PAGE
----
San Nicola in Carcere, Rome
I really admire old objects and art, but I'm not a zealous preservationist yet. For instance, one of my favorite buildings in Rome is San Nicola in Carcere, which was built in the 6th Century on the ruins of three ancient temples, using the columns of the temples for one of its walls. It also has a jutting medieval prison tower (back from its days as a jail), and a 19th Century facade stuck on the front. Until the recent tourism era, Italians thought nothing of tearing down and rebuilding to suit current tastes and egos, or heck, just building sopra (on top of). I'm not sure that's such a bad model.
For an average person like me, then, a building in Hyde Park can have historic significance because (a) experts agree it's important architecturally, or (b) something important happened there, or (c) both. With regard to (a) BWChicago argued that the theater is probably nicer than any new structure that will be built there, which time will tell. With regard to (b), there was that Joffrey Ballet and Second City information he provided.
I did some cyber research on Harper Theater, and this is what I could find about its significance:
1) It was built as a vaudeville theater in 1913. (Vaudeville is cool.)
2) In 1995 the City of Chicago finished a 12-year inventory of all structures built before 1940 (the Chicago Historic Resources Survey). Even my house was evaluated (it's "too altered for architectural or historical significance," humph). Harper Theater is one of 9,600 properties listed as "orange" in their ranking system, meaning "possesses potentially significant architectural or historical features."
3) Landmarks Illinois -- which is a private (not state-run) preservation organization -- listed the theater on its 2008-2009 watch-list of endangered properties, after the University's deal with a developer fell through.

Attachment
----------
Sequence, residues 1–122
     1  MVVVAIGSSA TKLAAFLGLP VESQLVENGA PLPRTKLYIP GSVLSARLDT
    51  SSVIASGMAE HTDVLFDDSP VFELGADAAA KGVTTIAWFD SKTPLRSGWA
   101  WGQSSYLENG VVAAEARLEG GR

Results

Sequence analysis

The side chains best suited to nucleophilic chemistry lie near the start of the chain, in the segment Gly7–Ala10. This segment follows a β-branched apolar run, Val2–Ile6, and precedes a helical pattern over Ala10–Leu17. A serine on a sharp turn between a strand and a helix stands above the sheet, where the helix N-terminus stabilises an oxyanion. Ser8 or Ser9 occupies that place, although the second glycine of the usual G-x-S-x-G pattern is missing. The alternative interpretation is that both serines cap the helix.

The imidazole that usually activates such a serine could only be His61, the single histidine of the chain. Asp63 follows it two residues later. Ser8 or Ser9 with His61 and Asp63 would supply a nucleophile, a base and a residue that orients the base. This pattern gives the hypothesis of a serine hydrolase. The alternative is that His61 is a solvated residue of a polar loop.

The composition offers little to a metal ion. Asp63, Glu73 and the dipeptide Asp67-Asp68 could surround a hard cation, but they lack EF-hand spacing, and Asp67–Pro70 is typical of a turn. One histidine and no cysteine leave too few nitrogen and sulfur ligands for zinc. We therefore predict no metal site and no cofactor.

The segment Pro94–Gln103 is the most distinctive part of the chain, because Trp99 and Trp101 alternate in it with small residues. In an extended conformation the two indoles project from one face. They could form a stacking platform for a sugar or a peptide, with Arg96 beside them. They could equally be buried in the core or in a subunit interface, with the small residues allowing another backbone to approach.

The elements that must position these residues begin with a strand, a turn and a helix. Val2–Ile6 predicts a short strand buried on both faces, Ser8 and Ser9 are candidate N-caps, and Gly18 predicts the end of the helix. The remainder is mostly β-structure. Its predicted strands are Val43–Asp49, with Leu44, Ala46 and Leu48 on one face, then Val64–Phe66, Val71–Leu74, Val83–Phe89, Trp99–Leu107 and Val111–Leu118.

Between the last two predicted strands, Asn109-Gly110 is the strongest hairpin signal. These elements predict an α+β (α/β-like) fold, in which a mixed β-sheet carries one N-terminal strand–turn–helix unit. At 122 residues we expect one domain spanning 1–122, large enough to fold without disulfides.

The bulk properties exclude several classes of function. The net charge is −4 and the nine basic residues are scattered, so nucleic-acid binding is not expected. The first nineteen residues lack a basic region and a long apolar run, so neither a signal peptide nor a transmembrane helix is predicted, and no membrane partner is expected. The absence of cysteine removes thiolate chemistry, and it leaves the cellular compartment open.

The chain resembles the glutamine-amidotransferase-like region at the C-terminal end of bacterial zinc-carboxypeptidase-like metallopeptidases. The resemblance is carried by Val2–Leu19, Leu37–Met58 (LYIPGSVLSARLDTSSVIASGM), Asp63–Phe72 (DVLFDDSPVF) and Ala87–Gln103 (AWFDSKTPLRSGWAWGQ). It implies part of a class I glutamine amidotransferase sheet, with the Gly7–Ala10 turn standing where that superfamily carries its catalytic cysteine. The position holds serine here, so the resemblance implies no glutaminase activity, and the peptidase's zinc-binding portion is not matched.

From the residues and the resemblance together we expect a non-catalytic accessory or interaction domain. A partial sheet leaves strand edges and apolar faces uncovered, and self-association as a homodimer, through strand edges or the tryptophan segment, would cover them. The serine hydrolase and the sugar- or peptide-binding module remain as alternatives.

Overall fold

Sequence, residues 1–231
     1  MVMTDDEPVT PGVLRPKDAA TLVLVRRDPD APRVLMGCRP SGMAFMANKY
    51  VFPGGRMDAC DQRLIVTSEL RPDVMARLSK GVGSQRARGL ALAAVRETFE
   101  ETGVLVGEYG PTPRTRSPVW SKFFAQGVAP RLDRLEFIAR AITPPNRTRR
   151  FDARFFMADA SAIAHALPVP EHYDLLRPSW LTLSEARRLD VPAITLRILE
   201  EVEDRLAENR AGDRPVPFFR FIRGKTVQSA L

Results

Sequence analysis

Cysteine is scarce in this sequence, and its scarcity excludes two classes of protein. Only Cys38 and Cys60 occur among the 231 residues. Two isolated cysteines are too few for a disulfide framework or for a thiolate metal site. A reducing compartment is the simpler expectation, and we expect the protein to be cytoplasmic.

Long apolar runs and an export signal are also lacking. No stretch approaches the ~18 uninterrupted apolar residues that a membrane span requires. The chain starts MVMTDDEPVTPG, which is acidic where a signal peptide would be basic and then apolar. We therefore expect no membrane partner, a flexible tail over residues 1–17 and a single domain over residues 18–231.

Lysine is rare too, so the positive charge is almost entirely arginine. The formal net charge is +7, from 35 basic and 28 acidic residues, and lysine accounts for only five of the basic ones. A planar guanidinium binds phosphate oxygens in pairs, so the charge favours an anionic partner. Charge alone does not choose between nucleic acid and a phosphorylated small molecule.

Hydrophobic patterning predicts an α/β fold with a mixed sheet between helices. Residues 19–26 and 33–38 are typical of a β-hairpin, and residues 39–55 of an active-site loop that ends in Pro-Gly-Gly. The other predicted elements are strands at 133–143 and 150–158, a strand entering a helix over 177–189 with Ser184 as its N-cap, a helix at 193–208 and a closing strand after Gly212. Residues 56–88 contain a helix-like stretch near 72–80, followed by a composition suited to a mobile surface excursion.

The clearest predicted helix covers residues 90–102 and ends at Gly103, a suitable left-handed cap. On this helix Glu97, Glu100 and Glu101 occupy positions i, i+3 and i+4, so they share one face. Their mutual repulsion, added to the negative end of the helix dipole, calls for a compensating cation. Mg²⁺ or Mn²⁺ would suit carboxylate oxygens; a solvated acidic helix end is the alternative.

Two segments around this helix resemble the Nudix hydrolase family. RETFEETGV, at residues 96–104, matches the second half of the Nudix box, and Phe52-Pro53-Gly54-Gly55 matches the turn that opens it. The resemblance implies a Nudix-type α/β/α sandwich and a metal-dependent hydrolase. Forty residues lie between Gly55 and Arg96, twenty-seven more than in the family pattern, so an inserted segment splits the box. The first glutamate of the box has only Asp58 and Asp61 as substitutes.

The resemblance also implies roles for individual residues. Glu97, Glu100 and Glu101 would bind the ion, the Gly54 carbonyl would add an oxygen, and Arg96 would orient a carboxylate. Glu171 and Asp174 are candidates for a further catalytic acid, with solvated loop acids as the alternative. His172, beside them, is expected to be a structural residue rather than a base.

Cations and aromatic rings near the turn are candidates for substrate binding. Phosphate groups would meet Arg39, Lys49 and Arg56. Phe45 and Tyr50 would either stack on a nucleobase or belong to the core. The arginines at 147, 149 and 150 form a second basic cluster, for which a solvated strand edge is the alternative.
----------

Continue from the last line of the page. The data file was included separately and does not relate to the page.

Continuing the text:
4) Bruce Sagan (publisher of the Hyde Park Herald) and his wife, Judith, bought the theater in 1964 to host the annual "Harper Theater Dance Festival." In November of 1965, the Joffrey Ballet -- which a year before had been forced to disband (for contractual reasons) -- staged a one-week comeback at Harper Theater with new dancers and new choreography, putting the corps back on the national radar. The Alvin Ailey American Dance Theater also participated in the Festival at some point.
From the Newberry Library's Inventory of Judith and Bruce Sagan Papers, 1965-1986:
Founders of the Harper Theater Dance Festival, Bruce and Judith Sagan met while students at the University of Chicago. Bruce Sagan, a publisher of local newspapers, bought the Harper Theater business block in Hyde Park and in 1964 he and Judith renovated the theater in order to present a cross-section of top dance companies, some of them new to Chicago audiences. The festivals provided a full week of performance opportunities at a time when most touring companies were subjected to one-and two-night stands while on the road. Although including both ethnic and classic dance at the beginning, the festivals soon specialized as a showcase for the best contemporary and experimental dance companies in the country, such as Merce Cunningham, Alwin Nikolais and Paul Taylor.
By the third season, Bruce Sagan gave up his active involvement in the dance festivals and Judith Sagan became sole producer. In 1971 the festival, now the Harper Dance Foundation, moved to downtown Chicago to the Civic Theater and then to the University of Chicago's Mandel Hall between 1971 and 1975. After 1975, the foundation became dormant, but was reactivated in 1979 to bring the Paul Taylor Dancers back to the Civic Theater.
5) BWChicago also stresses the fact that Second City played at Harper Theater, but the only reference I could find was relatively insignificant, in an obituary about Byrne Pivens:
In fact, the two true ancestor groups of Second City -- Playwrights Theater Club and subsequently The Compass Players -- played in bars on 55th Street (University Tap and Compass Tavern) that both fell to urban renewal. The Bee Hive, a highly influential jazz club, was also razed (among other music venues).
Married in 1954, the Pivens left Chicago in 1955 to work and study in New York, but they returned here in 1967 to appear in the short-lived Second City Repertory Company at the old Harper Theater in Hyde Park.
So while we debate the significance of Hyde Park Movie Theater, I say that we also dig up the foundations of those bars and clubs on 55th, and -- like Santa Maria Sopra Minerva in Rome -- we build new taverns and a nightlife right on top of them. What better way to honor the past?